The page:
'Final Fantasy XV' Is a Game That Grows on You

You just have to put in the time.

Nicholas Bashore

When I started my journey as Noctis in Final Fantasy XV, I was intimidated by all of the game mechanics and narrative elements that were immediately dropped in my lap. The tutorials didnt give me much outside of the basics I needed to know to survive, opting to spare all the detailed information needed to truly enjoy the intricacies of many in-game systems like combat. Sure, it explained that I needed to rest with my party each night, prepare for dangerous encounters with a meal, and visit just about every rest stop I could, but without spending nearly an hour in the tutorial room? I would have been completely lost with both combat and the game’s main narrative — thankfully though, that feeling didn’t last.

Once I started completing the main questline and participating in the open world, I began to learn more about the combat system and other aspects of the gameplay. I started swapping between different weapons and collecting ones for Noctis and his friends, using various abilities from the Ascension System to power up my characters for longer encounters. With time, I slowly came to understand what this new world of Final Fantasy was about despite being absent from the franchise for ten years, and I learned that you don’t have to be a long-term Final Fantasy fan to truly appreciate everything Final Fantasy XV has to offer.

Nicholas Bashore

While it’s true that the beginning of Final Fantasy XV isn’t one of the best the franchise has seen from a narrative standpoint, it isn’t a start that simply leaves you hanging. A few panels exist during the in-game tutorial which are essentially designed for the sole purpose of helping you understand the general happenings, motivations, and story at the center of Final Fantasy XV’s main questline. You don’t want to miss these regardless of whether you’re a new or returning player, namely because most of the exposition we’re used to seeing in a Final Fantasy title has been hashed out in the companion film and anime series.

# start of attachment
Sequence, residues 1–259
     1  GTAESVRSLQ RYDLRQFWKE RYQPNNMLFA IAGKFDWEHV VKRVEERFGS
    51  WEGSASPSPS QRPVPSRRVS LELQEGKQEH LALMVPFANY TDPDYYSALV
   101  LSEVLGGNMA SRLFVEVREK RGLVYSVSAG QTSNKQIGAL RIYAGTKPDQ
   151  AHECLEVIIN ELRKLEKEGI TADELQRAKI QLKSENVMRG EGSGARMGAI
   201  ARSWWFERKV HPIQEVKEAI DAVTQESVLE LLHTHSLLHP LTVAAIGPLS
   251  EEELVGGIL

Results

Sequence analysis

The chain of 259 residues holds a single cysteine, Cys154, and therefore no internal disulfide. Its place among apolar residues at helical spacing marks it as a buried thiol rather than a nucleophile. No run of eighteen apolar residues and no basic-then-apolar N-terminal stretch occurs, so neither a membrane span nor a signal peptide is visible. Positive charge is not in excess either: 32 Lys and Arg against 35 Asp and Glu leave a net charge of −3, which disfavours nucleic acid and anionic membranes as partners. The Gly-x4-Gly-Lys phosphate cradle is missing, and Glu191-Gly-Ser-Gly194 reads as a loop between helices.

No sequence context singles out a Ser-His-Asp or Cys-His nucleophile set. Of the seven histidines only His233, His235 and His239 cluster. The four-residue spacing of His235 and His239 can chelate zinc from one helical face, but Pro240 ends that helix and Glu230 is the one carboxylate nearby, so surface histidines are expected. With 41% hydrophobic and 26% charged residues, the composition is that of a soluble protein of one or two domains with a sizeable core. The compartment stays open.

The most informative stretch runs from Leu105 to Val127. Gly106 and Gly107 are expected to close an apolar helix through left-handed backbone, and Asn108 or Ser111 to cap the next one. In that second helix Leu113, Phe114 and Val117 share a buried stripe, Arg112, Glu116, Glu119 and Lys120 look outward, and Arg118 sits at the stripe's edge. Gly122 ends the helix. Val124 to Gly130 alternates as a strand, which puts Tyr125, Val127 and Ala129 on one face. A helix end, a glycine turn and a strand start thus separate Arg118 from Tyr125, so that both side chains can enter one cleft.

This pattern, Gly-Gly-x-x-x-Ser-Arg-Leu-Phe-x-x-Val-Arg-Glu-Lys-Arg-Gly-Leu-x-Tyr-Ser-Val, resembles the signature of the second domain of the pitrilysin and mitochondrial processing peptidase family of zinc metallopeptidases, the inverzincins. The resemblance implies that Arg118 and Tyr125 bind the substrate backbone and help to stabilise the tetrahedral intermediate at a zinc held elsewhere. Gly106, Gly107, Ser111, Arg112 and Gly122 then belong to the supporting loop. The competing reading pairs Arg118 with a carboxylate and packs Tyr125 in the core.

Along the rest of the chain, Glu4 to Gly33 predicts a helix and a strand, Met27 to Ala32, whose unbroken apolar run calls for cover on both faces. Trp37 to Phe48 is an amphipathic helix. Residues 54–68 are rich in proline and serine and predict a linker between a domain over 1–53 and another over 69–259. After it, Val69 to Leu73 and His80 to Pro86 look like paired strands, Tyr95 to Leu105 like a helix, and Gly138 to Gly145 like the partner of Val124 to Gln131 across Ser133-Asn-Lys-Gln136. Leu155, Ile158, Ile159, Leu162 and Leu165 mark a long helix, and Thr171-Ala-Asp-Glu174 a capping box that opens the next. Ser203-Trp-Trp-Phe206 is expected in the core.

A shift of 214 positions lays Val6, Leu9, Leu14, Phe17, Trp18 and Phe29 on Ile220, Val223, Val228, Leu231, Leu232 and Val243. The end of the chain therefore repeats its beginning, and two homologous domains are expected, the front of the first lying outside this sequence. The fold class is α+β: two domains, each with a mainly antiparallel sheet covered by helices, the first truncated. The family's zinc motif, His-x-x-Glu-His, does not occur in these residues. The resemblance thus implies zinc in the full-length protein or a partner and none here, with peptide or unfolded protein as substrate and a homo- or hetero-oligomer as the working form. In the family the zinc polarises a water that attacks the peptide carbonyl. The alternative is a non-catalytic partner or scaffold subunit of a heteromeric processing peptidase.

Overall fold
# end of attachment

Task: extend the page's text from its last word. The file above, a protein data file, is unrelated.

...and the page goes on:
They do plan on bringing this back to the game in future updates however, though it isn’t completely necessary. If you’re still feeling a little confused about the world after checking over the information the tutorial has to offer, it might be a good idea to visit both Kingsglaive (the film) and Brotherhood (the anime) for an afternoon once you’ve started up Final Fantasy XV.

Nicholas Bashore

That being said, nearly every element of Final Fantasy XV (including the spotty starting exposition) begins to grow on you the more time you spend with the game. Just like the first time in The Witcher III or Skyrim, Final Fantasy XV begins to present some of the best things it has to offer around six hours in, once you’ve unlocked the complete open world and equipped your party with some handy abilities. This is also about the time you’ll start to hear more from Noctis, Prompto, Gladio, and Ignis as you cruise the open road, discover a ludicrous amount of side quests to dive into, and experience some of the best boss battles the franchise has to offer — it just takes some time to ramp up rather than throwing you straight in.

If you’re a little skeptical like I was about getting started with Final Fantasy XV, don’t be. It’s a joyride at its best, and a bit of a grind at its worst, but that shouldn’t stop you from giving it a shot if you interested in the fantastical story of Noctis and his bros. Because, after all, what’s better than guys being dudes?

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